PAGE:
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And the culprit is ...

Posted by Richard Monday, May 05, 2008 , ,

It has been an article of faith amongst pundits commenting on the "global food crisis" that one of the factors contributing to the food shortage has been growing prosperity in developing nations, particularly in China and India. There, it is held, that the move from vegetable to meat diets has had a significant effect on supplies, as grain is fed to more "inefficient" animals.

Not so says the Indian Business Standard citing recent FAO figures, which show that, in the 2006-07 period, China's share of the global grain harvest is projected to have come down from 18.53 to 18.48 percent.

India - which is the world's second largest wheat producer, dwarfing the United States with 40 percent more production – is also in the clear. Although the country accounts for a sixth of the world population, it is estimated to have consumed 9.37 percent of world cereals in 2007-08, almost the same as 9.36 percent in the previous year.

As to the actual consumption of cereals, the Indian market is projected to have grown 2.17 percent from 193.1 million tons in 2006-07 to 197.3 million in 2007-08, while that in China has risen a mere 1.8 percent from 382.2 million tons to 389.1 million.

Thus, it transpires, the real villain of the piece, it seems – according to FAO data – is unequivocally the United States. In the same period, its consumption of cereals has been projected to have grown 11.81 percent from 277.6 million tons to 310.4 million. Furthermore, the US share of the global crop had gone up from 13.46 percent in 2006-07 to 14.74 percent.

To the surprise of very few, a large part of this spike is directly the result of biofuel made from corn, with the US having used 30 million tons of corn for that purpose. Overall, the FAO data show that the usage of corn in the US to make biofuel increased two-and-a-half times between 2000 and 2006.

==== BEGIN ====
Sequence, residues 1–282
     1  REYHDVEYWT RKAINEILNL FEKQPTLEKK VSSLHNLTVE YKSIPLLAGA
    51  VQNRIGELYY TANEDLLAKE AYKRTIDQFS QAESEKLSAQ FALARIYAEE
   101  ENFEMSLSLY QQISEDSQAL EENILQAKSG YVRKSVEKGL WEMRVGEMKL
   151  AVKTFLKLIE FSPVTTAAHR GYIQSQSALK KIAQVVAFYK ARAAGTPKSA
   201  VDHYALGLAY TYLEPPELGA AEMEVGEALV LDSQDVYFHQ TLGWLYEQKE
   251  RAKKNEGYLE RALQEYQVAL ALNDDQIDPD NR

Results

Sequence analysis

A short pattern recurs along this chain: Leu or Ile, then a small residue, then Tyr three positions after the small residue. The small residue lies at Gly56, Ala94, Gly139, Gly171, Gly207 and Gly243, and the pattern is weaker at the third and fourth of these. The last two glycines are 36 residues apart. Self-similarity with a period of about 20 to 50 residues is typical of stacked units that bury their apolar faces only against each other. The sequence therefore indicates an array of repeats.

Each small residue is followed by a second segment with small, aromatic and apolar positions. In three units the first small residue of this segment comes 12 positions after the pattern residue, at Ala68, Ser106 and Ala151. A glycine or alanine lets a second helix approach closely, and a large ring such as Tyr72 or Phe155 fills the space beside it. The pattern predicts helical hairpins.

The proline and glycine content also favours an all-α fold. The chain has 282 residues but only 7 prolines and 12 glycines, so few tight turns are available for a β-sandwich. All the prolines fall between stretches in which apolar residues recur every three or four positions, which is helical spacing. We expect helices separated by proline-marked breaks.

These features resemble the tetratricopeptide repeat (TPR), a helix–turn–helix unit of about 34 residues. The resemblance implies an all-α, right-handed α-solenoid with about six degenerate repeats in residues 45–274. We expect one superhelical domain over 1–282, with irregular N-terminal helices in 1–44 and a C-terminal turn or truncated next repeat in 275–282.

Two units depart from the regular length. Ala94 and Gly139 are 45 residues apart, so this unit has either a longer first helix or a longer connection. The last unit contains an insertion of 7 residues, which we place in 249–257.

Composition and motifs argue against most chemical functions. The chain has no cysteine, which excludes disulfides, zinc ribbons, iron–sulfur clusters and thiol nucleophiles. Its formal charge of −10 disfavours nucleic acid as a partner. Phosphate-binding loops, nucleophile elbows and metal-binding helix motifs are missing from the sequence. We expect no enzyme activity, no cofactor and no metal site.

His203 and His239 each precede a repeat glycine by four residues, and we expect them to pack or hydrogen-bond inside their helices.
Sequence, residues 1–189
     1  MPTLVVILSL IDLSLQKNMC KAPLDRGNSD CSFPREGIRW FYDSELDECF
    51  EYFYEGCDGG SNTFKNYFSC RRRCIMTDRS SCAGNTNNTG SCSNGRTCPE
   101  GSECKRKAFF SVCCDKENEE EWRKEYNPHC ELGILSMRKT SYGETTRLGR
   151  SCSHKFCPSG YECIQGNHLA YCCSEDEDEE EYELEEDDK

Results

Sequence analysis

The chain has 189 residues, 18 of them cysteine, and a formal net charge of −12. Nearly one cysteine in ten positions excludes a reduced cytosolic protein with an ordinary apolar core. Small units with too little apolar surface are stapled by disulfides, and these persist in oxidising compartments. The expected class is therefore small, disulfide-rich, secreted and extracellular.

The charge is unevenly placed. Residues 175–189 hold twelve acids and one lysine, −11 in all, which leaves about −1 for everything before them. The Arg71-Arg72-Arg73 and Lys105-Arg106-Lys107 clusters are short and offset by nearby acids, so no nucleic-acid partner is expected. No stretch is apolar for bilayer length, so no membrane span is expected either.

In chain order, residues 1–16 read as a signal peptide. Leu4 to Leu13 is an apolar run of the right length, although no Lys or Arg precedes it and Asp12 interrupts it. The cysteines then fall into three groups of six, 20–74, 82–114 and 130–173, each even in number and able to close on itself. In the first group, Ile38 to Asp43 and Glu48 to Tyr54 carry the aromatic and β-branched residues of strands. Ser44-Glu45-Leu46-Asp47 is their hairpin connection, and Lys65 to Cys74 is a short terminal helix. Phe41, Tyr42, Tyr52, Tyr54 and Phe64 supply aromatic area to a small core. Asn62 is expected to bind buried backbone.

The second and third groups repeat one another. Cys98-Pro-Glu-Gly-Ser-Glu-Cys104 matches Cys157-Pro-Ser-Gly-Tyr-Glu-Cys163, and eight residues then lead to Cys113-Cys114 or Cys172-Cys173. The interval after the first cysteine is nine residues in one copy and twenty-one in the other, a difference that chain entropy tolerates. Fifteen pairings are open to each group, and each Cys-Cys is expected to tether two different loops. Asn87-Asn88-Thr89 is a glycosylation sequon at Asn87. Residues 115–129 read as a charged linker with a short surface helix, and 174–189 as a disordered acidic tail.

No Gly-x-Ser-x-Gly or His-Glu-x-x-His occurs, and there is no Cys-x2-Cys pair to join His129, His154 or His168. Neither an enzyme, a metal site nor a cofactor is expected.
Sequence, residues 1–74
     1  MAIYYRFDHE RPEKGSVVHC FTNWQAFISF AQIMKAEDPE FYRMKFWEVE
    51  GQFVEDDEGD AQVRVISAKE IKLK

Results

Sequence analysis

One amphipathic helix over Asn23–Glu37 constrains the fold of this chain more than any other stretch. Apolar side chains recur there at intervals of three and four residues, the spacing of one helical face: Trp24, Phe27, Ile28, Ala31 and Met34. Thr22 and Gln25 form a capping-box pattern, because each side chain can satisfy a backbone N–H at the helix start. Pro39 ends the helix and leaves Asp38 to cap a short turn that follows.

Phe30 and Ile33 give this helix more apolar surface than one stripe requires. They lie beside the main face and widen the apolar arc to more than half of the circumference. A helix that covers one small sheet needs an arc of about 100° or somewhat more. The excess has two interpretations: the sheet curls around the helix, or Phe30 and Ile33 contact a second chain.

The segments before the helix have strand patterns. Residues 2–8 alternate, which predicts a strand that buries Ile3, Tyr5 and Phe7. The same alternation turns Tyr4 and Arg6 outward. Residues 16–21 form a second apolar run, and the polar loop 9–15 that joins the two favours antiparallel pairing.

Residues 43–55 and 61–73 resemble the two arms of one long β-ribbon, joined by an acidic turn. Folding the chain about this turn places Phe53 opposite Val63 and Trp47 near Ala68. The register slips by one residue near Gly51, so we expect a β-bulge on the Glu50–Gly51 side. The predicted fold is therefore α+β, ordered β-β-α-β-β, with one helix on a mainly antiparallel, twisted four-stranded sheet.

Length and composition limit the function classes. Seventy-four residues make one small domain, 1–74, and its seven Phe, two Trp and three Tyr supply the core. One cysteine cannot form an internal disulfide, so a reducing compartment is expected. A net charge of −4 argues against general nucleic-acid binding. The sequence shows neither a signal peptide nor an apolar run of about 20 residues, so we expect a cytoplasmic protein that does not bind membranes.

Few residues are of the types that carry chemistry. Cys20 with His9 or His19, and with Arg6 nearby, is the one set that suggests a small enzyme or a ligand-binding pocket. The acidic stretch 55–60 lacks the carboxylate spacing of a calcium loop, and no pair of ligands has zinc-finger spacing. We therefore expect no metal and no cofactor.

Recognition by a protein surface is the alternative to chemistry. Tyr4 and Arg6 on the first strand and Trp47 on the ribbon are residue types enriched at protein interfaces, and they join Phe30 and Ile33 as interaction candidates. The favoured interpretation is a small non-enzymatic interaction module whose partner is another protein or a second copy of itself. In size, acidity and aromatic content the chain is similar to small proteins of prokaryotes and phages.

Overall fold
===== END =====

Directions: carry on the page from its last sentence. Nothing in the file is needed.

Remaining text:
Elsewhere, the EU also takes some of the blame for the crisis, with Liam Halligan of The Sunday Telegraph business section picking up on the extraordinary claim by Michael Barnier last week that the CAP is a "good model" for food production.

Apart from the usual suspects, Halligan blames "our bloated farm subsidies" which have, over many years, held back the growth of agricultural capacity across the developing world. They have also stymied the emergence of large-scale agro-industry in many parts of the world.

That indeed may have been an effect, but to this we need to add the more recent performance of the EU commission. Having badly over-estimated the EU-wide crop yield for 2007, it sold off its intervention stocks at knock-down prices in anticipation of a bumper harvest. When this did not materialise, member states – which normally export cereals globally – had to import 18.9 million tons, adding to pressure on already tight global stocks.

Anyhow, if the lion's share of the blame can be placed at the door of the US, farmers throughout the world are riding to the rescue. The US has recorded a six percent rise in winter wheat plantings for this year, the EU is projecting an overall 15 percent, the former Soviet Union is up eight percent and Canada has announced that 2008 wheat seedings could jump 16 percent.

Nevertheless, persistent reports of poor weather in North America have indicated that farmers are still having difficulty in planting spring seed, while low temperatures are holding back winter wheat development. A spell of good weather and a hot summer could dispel any pessimism, but concerns are building that yields might be adversely affected.

Certainly, the markets are nervous. From their recent low of $8.01 a bushel, 40 percent below its record peak of $13.50 a bushel in February, July wheat futures have rebounded to climb nine cents and prices well over the $9-mark are being forecast. Everything depends on the weather – as it always does.

Where is that global warming when you really need it?

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